The first version of the Hawaii Clean Energy Initiative, which was created seven years ago with the goal of achieving 70 percent renewable energy by 2030, and has officially ended, is being replaced by bigger goals and new initiatives.
Mark Glick, administrator for the Hawaii State Energy Office, told PBN Thursday that the new goal is the state achieving 30 percent renewable energy by 2020 and 60 percent by 2030, although a Senate committee has amended this benchmark to 40 percent.
“We had major policy shifts, including that it’s inappropriate to have [an] industrial-sized wind [energy project] on Molokai,” he said, noting that this was part of the original HCEI. “Because of [the major policy shifts], we said, effectively, that the agreement is moot because we have gone beyond that.”
Glick pointed out that it became clear that the state wasn’t pursuing a number of initiatives that it has gone beyond.
“We didn’t want to give anybody the impression that it affected the progress we continue to make at HCEI,” he said. “It has been a continuous process that has spanned three gubernatorial administrations.”
HCEI, which set the goal of the state achieving 40 percent of its energy from renewable sources and 30 percent from efficiency measures, makes way for the next set of initiatives, effectively being called HCEI 2.0 and beyond.
“This year, with the transportation [initiatives, among other things], we feel that we are beyond [HCEI] 2.0,” Glick said. “We really do believe that we are now in another stratosphere, in terms of grid management and working with [Hawaiian Electric].”
Hawaiian Electric, through a spokeswoman, told PBN that the goals its companies are committed to today far exceed those in the original 2008 agreement.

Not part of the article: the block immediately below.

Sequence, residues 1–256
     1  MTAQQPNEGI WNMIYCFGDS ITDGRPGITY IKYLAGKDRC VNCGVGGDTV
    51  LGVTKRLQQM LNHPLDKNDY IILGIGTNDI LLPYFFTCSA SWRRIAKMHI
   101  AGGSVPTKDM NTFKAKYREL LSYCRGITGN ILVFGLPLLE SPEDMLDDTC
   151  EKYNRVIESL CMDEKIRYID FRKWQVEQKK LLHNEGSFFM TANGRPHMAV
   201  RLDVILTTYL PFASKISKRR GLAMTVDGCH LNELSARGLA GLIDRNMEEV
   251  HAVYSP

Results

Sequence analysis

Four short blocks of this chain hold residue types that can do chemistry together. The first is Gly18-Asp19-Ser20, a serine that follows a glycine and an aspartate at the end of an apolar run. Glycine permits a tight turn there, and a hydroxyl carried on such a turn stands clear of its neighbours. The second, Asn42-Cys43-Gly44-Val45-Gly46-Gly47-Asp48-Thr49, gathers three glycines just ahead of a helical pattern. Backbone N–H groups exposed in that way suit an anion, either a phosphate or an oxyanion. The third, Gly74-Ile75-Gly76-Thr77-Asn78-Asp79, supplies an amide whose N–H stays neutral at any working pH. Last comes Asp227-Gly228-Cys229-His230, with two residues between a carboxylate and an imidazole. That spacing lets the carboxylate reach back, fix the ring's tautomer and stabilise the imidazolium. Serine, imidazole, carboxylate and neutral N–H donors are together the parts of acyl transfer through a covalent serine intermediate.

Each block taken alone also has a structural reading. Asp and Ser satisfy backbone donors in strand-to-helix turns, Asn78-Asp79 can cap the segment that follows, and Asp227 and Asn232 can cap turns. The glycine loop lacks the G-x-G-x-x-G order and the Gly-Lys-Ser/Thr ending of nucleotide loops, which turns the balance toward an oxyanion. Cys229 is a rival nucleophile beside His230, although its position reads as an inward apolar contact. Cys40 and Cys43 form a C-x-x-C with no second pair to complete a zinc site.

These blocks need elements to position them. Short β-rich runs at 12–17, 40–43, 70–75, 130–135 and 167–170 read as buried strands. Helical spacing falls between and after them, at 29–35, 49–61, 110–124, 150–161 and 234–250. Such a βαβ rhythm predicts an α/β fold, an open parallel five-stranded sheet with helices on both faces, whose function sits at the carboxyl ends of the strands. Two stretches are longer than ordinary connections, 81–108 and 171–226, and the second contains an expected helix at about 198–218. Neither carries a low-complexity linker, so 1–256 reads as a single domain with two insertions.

“By 2030, we expect to achieve 65 percent renewable energy (much greater than HCEI’s 40 percent), triple distributed solar like rooftop solar and reduce our customers’ electric bills by 20 percent,” Lynne Unemori, spokeswoman for Hawaiian Electric, told PBN in an email. “As just one example, the agreement included an estimate of 23-megawatts of solar on Oahu under the net energy metering program by 2015.”
When comparing that to what it actually achieved as a community, that figure pales in comparison to the actual amount.
As of the end of 2014, on Oahu it had 214 megawatts of solar under the net energy metering program.
“Today, we’re more committed than ever to a clean energy future that provides lower costs, reliable service and more choices and services that our customers expect and deserve,” Unemori said. “At the time it was signed in 2008, the HCEI Energy Agreement provided a groundbreaking impetus to accelerate our state’s move to clean energy. It approached the goal in a holistic way with a broad range of energy policies and programs that have now have largely been carried out, incorporated into law and/or superseded by new regulatory policies, new technology and changing conditions.”
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